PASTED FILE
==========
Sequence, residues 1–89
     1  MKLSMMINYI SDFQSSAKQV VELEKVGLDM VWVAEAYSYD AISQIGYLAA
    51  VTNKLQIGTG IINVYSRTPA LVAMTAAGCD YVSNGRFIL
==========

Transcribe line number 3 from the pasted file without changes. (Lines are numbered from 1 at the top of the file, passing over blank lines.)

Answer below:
    51  VTNKLQIGTG IINVYSRTPA LVAMTAAGCD YVSNGRFIL